Quick Recipes and Easy

The Barbecue Smoker Science of Food Preservation – And A Bit Of Fun Too!

Barbecue Smoker Recipe Evolution

Smoking has evolved as a means to preserve food before refrigerators were invented or the canning process. How ancient is the art of smoking? Well no one really knows for sure but it’s been around a lot longer than any evidence that documents it. I’ve read that there’s a smoking pit in China that’s believed to be 5000 years ancient so we can safely assume that it’s been around for some time.

Traditionally the food preservation would have started with either curing or brining and then the smoking process would follow on. Nowadays with the advent of refrigerators, smoking and indeed brining or curing is more concerned with flavour rather than food preservation. For me and many people it’s about enjoyment too, getting the best ingredients and taking time over preparing food is a dying industry in this age of globalisation when the pace of life is so quick. Life’s too small, let’s slow down and savour all that’s to be experience with traditional food preparation.


Curing using smoke works well for both meat and fish. The most common chemicals used for curing today include ascorbic acid (vitamin C) or sodium nitrate albeit ascorbic acid is used also to maintain the colour of the meat at the same time. In days gone by the preferred choice would have been potassium nitrite but essentially it’s a salt.

Things have of course started to develop from tradition with the quest to add flavour by curing so it’s now common to include some sweet flavouring with the salt such as sugar, treacle, molasses etc or to spice it up with chili powder or cayenne pepper. The fundamental point but is that curing is a dry process.

The curing process then can take many weeks or months and the end results are well worth it. The classic commercial curing that we see day in day out comes from curing belly pork and we end up with bacon. It frustrates me that even today there’s so much water in commercially prepared bacon and if this isn’t a reason to try home curing, I don’t know what is. It’s a simple process too.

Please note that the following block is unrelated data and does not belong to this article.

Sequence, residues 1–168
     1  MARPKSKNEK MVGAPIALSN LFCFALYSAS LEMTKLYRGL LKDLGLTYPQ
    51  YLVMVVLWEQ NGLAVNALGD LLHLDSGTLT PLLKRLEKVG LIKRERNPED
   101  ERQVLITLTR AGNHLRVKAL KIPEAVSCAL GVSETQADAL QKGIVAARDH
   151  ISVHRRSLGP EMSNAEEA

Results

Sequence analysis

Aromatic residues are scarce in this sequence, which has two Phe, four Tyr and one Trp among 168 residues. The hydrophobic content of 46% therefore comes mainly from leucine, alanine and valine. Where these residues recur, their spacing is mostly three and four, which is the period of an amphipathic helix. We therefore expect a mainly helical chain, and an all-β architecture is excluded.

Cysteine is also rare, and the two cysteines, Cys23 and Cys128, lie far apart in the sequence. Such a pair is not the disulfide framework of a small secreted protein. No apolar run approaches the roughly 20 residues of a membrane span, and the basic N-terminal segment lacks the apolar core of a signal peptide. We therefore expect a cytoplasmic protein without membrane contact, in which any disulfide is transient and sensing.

Question your butcher for a pork belly or part of one depending on how huge you want it. Rub the belly all over with a 75%:25% mixture of salt and brown sugar and add a bit of chili or cayenne to your taste. Place the pork belly in a plastic container and bung it in the fridge for 2 months. Be patient and you’ll never want to buy commercial bacon again!


Brining is the wet process where we simply immerse the meat in a salt solution or brine – and that’s it. It works well for salt beef, turkey and fish (salmon in particular) as a precursor to smoking and the basic method is outlined below.

The vital thing is to make a salt solution that is completely saturated. Stir salt into water until no more will dissolve, now heat it gently and see how much more you can get to dissolve. When finished, let it cool and immerse the meat for a few days making sure that the meat is kept fully immersed in the brine.

That’s all there is to it, just wash of the brine and the meat is ready for smoking.

I hope you try it, I’m sure you’ll like it.

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